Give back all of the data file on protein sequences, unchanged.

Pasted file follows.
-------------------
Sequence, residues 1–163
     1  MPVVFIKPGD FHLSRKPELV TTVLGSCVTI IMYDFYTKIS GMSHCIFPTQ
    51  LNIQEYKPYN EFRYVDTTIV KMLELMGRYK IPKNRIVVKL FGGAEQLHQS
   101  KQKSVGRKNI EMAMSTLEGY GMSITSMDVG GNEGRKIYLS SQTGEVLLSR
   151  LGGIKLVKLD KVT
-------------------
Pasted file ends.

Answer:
Sequence, residues 1–163
     1  MPVVFIKPGD FHLSRKPELV TTVLGSCVTI IMYDFYTKIS GMSHCIFPTQ
    51  LNIQEYKPYN EFRYVDTTIV KMLELMGRYK IPKNRIVVKL FGGAEQLHQS
   101  KQKSVGRKNI EMAMSTLEGY GMSITSMDVG GNEGRKIYLS SQTGEVLLSR
   151  LGGIKLVKLD KVT